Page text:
Book Review: Plant Medicine in Practice

Stacie Deyglio, ND

41HPJKFMNFL._AA240_Dr. Bastyr is a founding member of the naturopathic profession. His gentle perseverance and commitment to the study of historical eclectic Euro-American traditional medicine encourages all NDs to pursue the evolving scientific perspective of botanical therapeutics in clinical practice.

Plant Medicine in Practice is the written enterprise of the well-known ND, Bill Mitchell. In this book, Mitchell compiles the plant medicines presented by Dr. Bastyr in lectures that Mitchell attended as a medical student at NCNM. The plant medicines discussed are presented by physiologic systems and were selected based on two criteria: the plant medicines that Dr. Bastyr highlighted as having personal experience with and plant medicines that Dr. Mitchell had original experience with in 26 years of clinical practice. “I remember Dr. Bastyr being asked what to use to treat a patient with a particular illness; his response was, ‘Use whatever works.’ He wasn’t being glib. He was demonstrating the eclectic mind” (p. vi).

The first 389 pages is divided into 73 chapters presented in alphabetical order. To give you an idea of the range of topics discussed, chapters cover adaptogens, anticancer agents, diaphoretics, galactagogues, hypoglycemics, nerviness, spleen remedies, uterine tonics and vulneraries, to name just a few. For example, the first chapter written on adaptogens includes thorough discussion of the specific compounds (botanical, vitamin and mineral) that create adaptogenic responses within the body: “Dr. Bastyr spoke about the category of adaptogens without ever using that specific term because the term ‘adaptogen’ was not in common use in the 1970s … Adaptogens are materials that enhance our ability to cope with the physiological stress that we encounter when dealing with toxins in the environment or with stress from life itself” (p. 1). Chapter one includes detailed instruction on such adaptogenic compounds as Eleutherococcus senticosus, ascorbic acid, panthothenic acid, Gandoderma lucidum, carotenes, Curcuma longa, placebo, procyanidolic polymers, other fruit bioflavonoid compounds and Camellia sinensis. The chapters include doses specific for adults, but Mitchell does make reference to calculating a pediatric dose of indicated medicines by following Clark’s rule.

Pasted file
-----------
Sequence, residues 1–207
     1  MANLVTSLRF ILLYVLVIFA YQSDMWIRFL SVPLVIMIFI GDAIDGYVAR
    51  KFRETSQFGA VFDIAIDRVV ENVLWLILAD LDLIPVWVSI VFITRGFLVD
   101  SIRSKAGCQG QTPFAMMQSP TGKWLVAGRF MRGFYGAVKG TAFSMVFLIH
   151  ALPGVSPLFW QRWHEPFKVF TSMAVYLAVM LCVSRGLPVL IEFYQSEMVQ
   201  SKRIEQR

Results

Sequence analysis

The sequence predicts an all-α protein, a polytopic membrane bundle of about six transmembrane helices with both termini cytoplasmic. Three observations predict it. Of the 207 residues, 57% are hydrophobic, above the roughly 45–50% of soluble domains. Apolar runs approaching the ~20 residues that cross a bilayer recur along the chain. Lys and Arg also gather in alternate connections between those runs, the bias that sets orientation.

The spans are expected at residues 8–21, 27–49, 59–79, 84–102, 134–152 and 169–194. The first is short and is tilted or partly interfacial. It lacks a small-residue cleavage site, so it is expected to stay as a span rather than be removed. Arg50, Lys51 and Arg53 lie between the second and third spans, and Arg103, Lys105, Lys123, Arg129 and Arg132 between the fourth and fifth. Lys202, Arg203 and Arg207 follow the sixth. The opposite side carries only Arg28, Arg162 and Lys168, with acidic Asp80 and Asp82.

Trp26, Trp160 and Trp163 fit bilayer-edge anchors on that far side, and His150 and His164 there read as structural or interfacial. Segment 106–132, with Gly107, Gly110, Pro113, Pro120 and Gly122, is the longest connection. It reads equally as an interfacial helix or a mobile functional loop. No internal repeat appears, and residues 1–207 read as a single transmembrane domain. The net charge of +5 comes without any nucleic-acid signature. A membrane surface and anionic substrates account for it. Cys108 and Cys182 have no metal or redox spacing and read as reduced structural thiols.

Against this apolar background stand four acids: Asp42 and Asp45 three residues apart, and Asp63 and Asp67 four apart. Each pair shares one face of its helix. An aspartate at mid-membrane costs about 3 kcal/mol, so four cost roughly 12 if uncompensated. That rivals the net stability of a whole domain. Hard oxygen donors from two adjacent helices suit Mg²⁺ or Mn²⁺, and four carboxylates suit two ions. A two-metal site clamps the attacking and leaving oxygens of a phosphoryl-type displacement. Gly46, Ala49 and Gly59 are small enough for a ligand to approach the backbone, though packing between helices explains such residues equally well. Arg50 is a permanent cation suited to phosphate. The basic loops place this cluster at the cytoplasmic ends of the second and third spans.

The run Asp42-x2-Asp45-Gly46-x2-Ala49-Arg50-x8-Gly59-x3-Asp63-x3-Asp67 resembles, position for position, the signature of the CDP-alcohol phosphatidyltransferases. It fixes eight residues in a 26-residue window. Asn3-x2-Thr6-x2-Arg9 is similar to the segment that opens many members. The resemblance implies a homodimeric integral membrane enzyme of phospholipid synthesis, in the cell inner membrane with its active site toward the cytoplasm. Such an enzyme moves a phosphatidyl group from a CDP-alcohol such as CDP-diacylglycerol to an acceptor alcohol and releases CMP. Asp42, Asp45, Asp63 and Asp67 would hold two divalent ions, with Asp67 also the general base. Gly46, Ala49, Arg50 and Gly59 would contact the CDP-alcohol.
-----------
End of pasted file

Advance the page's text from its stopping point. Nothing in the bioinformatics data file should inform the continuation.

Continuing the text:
Screen Shot 2015-11-09 at 1.00.22 PMThe book also contains a generously resourced reference section as well as a glossary of medicinal effects.

Mitchell was always a strong advocate of the Vis Medicatrix Naturae, and his book Plant Medicine in Practice remains faithful to his devotion to this principle of naturopathic medicine. The book recognizes the inherent, ordered and intelligent ability of the human body. Its suggestions and research assist the ND in removing obstacles to cure and facilitating the innate healing ability.


deyglioStacie Deyglio, ND received her baccalaureate degree in biology with a minor in chemistry from the College of Mt. St. Vincent in New York. Her personal health issues paved the way to discovering naturopathic medicine in 1999. Resonating with the philosophy and principles of naturopathic medicine, Dr. Deyglio graduated from the University of Bridgeport, College of Naturopathic Medicine in 2003. As a medical student, she was involved in student government, fundraising and the generation of two successful student-run health fairs. Dr. Deyglio’s interests include relating integrative therapeutics to the health of pediatric and geriatric populations. Currently residing in Phoenix, Dr. Deyglio is an avid bookworm, and is actively creating her practice.

Recommended Posts

Leave a Comment